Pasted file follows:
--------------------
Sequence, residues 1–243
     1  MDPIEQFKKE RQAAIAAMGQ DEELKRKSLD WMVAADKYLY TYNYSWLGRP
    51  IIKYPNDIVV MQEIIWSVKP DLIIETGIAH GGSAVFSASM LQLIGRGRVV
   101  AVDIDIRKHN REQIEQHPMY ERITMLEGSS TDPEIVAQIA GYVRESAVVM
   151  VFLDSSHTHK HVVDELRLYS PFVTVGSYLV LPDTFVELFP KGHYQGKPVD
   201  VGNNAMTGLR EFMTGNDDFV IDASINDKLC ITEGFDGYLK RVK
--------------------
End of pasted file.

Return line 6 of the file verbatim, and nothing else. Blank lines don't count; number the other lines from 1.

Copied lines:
   201  VGNNAMTGLR EFMTGNDDFV IDASINDKLC ITEGFDGYLK RVK